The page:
Building a Better Wood Furnace

September 11, 2006
September/October 2006
A version of this article appears in the September/October 2006 issue of Home Energy Magazine.
SHARE
Click here to read more articles about Heating
        Wood has been burned as fuel for thousands of years, and over this time the art of wood burning has been refined from outdoor fires to highly advanced wood furnaces and boilers, or hydronic furnaces.Hydronic furnace, a term adopted by the American Society for Testing and Materials (ASTM), describes what was formerly known as a wood boiler. Wood-fired hydronic furnaces create hot water, but not steam. In the past, outdoor wood boilers have given wood burning a bad reputation, since they produce a lot of smoke, clog chimneys with creosote, are highly polluting, and require frequent reloading and cleaning. The designers of a new hydronic furnace, the Greenwood,have attempted to address all of these problems.
        When a fire is kindled in a regular wood furnace, the temperature quickly rises to around 500ºF. At this temperature, the wood begins to break down chemically and throw off volatile gases. These gases catch fire and accelerate the rise in temperature to about 1,100ºF, at which point the wood solids begin to burn. If the temperature remains at or above 1,100ºF, the fire consumes all of the wood gases and solid materials, and the fire is clean burning. If not, the combustion is incomplete, which means that unburned gases and particulates are vented by the furnace. Some of this effluvia escapes out the chimney as smoke; the rest cools down and remains in the chimney in the form of creosote. Any fuel that contains carbon (which includes coal, crude oil, and natural gas, as well as organic substances such as wood and straw) produces CO2 when it is burned, which contributes to environmental degradation and climate change.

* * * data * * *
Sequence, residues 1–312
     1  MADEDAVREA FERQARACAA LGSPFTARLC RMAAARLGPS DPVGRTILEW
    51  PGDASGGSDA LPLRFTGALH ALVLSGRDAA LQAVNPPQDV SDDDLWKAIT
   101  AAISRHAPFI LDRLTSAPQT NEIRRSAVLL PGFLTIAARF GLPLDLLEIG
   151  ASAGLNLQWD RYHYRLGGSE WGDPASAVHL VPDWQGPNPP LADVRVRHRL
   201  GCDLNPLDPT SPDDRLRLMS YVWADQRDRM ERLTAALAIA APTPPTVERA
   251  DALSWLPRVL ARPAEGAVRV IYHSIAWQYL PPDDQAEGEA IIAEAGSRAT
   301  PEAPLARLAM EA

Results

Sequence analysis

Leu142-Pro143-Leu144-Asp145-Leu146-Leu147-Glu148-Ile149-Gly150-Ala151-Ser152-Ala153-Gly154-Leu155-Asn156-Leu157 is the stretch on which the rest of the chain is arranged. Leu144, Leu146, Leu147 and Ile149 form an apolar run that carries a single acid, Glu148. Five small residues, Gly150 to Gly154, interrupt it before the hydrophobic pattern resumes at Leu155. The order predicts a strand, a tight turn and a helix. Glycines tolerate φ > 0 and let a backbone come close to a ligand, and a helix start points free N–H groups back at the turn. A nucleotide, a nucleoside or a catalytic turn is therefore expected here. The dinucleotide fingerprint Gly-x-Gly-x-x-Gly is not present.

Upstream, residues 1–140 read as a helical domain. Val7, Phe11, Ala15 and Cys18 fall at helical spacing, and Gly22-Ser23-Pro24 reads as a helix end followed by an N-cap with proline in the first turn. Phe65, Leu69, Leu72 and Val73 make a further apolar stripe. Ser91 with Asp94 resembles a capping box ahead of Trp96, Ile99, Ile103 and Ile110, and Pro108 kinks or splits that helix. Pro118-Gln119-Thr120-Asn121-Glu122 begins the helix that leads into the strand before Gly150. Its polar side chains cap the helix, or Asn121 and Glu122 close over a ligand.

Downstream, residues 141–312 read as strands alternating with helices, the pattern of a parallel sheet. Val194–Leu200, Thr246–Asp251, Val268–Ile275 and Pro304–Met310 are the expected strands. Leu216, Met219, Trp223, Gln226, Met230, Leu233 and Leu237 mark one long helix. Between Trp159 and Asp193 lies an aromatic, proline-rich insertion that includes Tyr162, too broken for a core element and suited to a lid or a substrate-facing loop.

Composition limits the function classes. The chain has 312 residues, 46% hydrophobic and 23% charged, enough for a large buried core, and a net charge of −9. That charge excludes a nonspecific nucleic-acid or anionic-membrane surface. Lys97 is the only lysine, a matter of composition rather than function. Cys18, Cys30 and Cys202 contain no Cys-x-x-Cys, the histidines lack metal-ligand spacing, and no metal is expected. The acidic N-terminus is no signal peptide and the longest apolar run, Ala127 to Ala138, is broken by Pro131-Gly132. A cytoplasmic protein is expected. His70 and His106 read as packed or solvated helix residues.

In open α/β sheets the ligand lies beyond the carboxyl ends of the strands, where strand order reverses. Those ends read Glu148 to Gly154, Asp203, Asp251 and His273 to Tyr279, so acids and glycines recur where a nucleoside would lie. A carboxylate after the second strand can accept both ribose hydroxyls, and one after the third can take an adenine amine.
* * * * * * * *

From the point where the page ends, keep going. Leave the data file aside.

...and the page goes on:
Most wood-burning furnaces and wood boilers on the market today are unable to sustain a temperature of 1,100ºF or higher. They are built with a firebox made of steel, which is surrounded by a jacket of water. This water jacket serves two purposes: It transfers heat from the firebox to the home heating system, and it cools the steel firebox and keeps it from melting. The problem is that by keeping the firebox cool, the water jacket also cools the fire and prevents it from burning at temperatures needed for complete combustion. That’s why these units produce irritating smoke and potentially dangerous creosote.

New Design, New Results

        Greenwood’s hydronic wood furnace is built in an entirely different way from other wood-burning furnaces and boilers. The Greenwood’s firebox is made of superduty ceramic refractory, cast 4–6 inches thick, and surrounded by outer layers of insulation designed to keep the heat in. The natural draft system pulls air into the furnace, which creates a roaring fire with sustained temperatures of 1,800ºF–2,000ºF. Heat from the fire is captured by a water tube heat exchanger located above the firebox in the path of the escaping superheated gases. The furnace extracts heat from these escaping gases, not from the fire below.The firebox itself is warm to the touch.